Most multi-member LLCs are taxable as partnerships. A key task of lawyers forming LLCs is often to minimize the Self-Employment Tax exposure of the members of these LLCs. The post under the link below discusses a recent Tax Court case addressing the SET liability of the members of a multi-member LLC whose members were lawyers, and it finds that because all of these functioned like general partners of their multi-member LLC, all were liable for that tax.
However, the post does not discuss the usefulness of Prop. Reg. § 1.1402(a)-2 (the “Prop. Reg.”) in protecting from SET liability the members of multi-member LLCs taxable as partnerships. The IRS has twice stated in public forums that the Prop. Reg. is its audit guideline for the SET liability of partners in entities taxable as partnerships. Thus, the Prop. Reg. is a powerful tax-avoidance tool for LLC lawyers and their clients.
Here’s the link: http://www.taxlawforchb.com/2017/06/self-employment-tax-llcs-the-limited-partner-exclusion/
Many LLCs are taxable as S corporations, and far more should be. The attached post under the link below addresses a couple of fundamental and pervasive S corporation issues about basis and losses. The post applies, of course, as much to LLCs that are S corporations as to state-law business corporations that are S corporations.
Here is the link: http://www.taxlawforchb.com/2017/05/s-corps-basis-loss-limitations/
The post under the link below provides basic information that business owners should know about private foundations.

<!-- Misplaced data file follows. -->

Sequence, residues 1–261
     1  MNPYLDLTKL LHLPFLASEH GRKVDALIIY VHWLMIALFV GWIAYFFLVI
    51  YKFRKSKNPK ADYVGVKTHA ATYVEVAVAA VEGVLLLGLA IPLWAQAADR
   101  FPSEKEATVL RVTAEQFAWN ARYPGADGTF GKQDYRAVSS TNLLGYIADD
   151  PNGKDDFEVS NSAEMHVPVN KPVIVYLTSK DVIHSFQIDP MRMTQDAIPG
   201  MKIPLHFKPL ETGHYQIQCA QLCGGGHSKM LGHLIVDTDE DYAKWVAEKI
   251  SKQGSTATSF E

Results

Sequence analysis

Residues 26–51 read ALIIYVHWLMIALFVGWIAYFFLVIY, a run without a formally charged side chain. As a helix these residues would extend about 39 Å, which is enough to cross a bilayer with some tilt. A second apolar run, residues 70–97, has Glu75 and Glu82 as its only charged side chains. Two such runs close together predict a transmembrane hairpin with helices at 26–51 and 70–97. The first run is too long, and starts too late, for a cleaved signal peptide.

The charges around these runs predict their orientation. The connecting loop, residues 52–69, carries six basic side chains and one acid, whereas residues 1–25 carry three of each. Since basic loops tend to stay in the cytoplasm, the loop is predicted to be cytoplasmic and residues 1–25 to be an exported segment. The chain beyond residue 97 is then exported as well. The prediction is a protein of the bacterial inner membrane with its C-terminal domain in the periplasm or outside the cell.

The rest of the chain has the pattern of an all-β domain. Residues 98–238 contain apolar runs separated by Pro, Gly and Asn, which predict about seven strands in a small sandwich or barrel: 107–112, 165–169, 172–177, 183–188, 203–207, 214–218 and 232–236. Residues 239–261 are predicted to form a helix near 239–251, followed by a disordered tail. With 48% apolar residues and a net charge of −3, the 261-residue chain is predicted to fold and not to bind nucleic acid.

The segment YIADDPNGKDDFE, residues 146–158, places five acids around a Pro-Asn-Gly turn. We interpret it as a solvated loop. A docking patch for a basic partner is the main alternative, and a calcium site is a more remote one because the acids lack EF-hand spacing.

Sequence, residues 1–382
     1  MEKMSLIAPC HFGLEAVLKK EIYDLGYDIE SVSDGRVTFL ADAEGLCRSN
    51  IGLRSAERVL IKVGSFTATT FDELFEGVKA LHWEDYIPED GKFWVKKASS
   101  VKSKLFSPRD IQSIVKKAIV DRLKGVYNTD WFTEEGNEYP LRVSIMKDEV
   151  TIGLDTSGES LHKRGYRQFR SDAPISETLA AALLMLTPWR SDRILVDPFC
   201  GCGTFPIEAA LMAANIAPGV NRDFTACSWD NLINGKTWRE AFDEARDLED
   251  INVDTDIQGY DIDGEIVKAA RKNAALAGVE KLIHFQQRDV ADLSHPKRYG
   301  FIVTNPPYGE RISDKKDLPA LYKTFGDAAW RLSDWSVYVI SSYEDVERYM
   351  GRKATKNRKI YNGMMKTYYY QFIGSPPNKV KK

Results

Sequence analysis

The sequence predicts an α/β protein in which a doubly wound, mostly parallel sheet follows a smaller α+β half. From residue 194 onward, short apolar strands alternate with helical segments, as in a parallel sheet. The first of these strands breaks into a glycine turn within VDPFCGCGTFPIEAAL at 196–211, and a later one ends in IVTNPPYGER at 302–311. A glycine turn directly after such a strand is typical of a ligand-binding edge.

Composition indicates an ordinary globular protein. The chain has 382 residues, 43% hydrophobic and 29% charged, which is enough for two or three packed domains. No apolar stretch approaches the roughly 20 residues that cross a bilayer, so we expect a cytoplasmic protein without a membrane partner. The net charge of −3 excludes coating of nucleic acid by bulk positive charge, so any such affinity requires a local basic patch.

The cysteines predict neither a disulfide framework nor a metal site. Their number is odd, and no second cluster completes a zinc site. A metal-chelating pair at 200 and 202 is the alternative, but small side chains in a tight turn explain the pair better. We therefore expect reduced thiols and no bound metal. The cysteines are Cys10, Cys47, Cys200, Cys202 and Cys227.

Here’s the link: http://www.taxlawforchb.com/2017/04/private-foundations-a-primer-for-the-business-owner/
Under the link below is a brief but fairly good post summarizing the new and draconian federal statutory partnership audit rules that, for most multi-member LLCs taxable as partnerships, will become effective on 1-1-18. A few comments about the post:
- Puzzlingly, the post doesn’t mention the key fact that under the above rules, the federal tax on any partnership audit deficiency will be a terrifying 39.6 percent.
- The post doesn’t mention that even if your LLC qualifies as a “small partnership” exempt from the rules, you need to elect out of coverage by the rules in your annual federal tax return.
- The post suggests that LLCs with members that are trusts and single-member LLCs may still qualify as “small partnerships” under the rules. Based on certain recent Treasury statements, this suggestion is very probably incorrect.
- The post does not describe even briefly the types of audit provisions that the operating agreements of LLCs taxable as partnerships and other partnership entities ought to include.
- The post does not address the issue whether tax professionals whose clients are partnership entities should offer or agree to be available to serve as partnership audit “partnership representatives” for their clients. I think they should, as long as the governing operating agreement provides them with adequate contractual protection.